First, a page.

Nepotism in high places is undermining democratic principles and the effectiveness of our bureaucracy
Democracy affords us the right to change almost anything, its advocates say. Which is why, when Thawil Pliensri was removed as secretary-general of the National Security Council in 2011, those who disagreed gritted their teeth and bore it. When the Supreme Administrative Court ruled last week that his transfer was unjust, the cracks in his papered-over bureaucratic fate suddenly showed. What was initially defended as a democratic exercise was questioned, scrutinised and made to seem anything but.
To cut to the chase, Thawil was bumped off the NSC to make way for then-police chief Wichien Pojphosri, who had in his turn been forced to make way for political favourite Priewphan Damapong. Priewphan got the police top job and Wichien saved “face” by taking over at the NSC. Thawil ended up the victim in this high-level case of seeming nepotism.
Democratic governments can chop and change. They can replace an experienced senior bureaucrat with one less experienced or less qualified. When someone who benefits from a reshuffle is related to the prime minister, such an exercise not only weakens the bureaucracy, it weakens democracy itself.
Of course, democratically elected politicians are entitled to work alongside those with whom they feel most comfortable, but this flexibility has its limits. There is a clear line when it comes to official appointments, and crossing that line invites nepotism. And whether it’s practised under democracy or dictatorship, nepotism equates to corruption, inefficiency, demoralisation and the degradation of ethical standards.
Thawil’s case was just one high-level example among many. There have been several questionable transfers and promotions at the Finance Ministry in recent years. Some officials were reportedly owed favours by political big names and “rewarded” accordingly. Good reshuffles by politicians spur complacent bureaucrats into action; bad reshuffles discourage good bureaucrats, even turning them into bad ones.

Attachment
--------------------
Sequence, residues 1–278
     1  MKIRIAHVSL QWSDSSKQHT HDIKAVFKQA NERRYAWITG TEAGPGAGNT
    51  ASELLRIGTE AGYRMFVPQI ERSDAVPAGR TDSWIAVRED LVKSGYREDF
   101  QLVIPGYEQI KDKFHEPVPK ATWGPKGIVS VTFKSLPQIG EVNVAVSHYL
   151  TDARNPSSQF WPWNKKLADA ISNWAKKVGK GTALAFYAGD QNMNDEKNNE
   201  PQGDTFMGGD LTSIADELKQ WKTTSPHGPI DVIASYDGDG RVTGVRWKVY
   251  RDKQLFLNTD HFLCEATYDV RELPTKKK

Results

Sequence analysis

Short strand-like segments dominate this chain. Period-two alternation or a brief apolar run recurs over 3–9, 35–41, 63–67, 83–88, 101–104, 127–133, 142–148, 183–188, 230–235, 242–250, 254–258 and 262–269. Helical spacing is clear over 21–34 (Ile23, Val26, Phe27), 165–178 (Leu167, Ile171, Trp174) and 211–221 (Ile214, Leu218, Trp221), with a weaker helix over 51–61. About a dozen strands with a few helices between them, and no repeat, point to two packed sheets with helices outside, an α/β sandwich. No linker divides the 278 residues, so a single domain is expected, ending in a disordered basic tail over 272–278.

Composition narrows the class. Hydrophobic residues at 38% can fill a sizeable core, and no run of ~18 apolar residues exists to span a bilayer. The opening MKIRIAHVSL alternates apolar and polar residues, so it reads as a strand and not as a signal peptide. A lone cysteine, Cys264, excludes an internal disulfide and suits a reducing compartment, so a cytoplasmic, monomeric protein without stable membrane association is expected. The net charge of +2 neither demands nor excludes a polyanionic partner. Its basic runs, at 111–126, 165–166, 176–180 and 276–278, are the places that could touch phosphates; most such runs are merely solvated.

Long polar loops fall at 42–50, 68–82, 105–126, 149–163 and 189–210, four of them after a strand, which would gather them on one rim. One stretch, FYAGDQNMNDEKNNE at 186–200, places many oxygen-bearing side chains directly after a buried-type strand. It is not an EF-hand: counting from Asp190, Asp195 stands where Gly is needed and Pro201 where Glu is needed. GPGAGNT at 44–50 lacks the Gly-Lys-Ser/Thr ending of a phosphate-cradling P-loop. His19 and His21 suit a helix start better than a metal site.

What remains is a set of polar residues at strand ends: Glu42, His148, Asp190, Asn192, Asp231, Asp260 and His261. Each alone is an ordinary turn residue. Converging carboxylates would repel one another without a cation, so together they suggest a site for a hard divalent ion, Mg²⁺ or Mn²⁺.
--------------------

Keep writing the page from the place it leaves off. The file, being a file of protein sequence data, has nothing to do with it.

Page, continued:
Thawil’s effectiveness as NSC chief might be debatable, but the manner in which he was removed so that Wichien could shuffle across and be replaced by Priewphan is contentious. Priewphan, who was approaching mandatory retirement age at the time, was anything but highly qualified for the top police job. That so much fuss had to be created by the Yingluck government so that Priewphan could retire with “honour” spoke volumes about how deep-rooted nepotism has become in Thai politics.
It’s fair to say that nepotism has plagued all Thai administrations. This is why our much-discussed political-reform process must tackle the issue. A line must be drawn between the legitimate democratic right of politicians to decide which people work for them and the self-serving abuse of that right to reward family and friends. Thawil has received reparations in court, but not all bureaucrats who fall victim to nepotism have the opportunity or determination to fight injustice all the way.
With no sign of an end to the political warring, the will to tackle nepotism could suffer the same fate as the campaign against other types of corruption. Accusations of graft are flying, but government supporters are counter-attacking by claiming the Yingluck government is being made the scapegoat for a problem that permeates society. And, as with other forms of corruption, nepotism has a tendency to evade efforts to control it, strengthening its grip thanks to the mentality of “If others can do it, why can’t we?”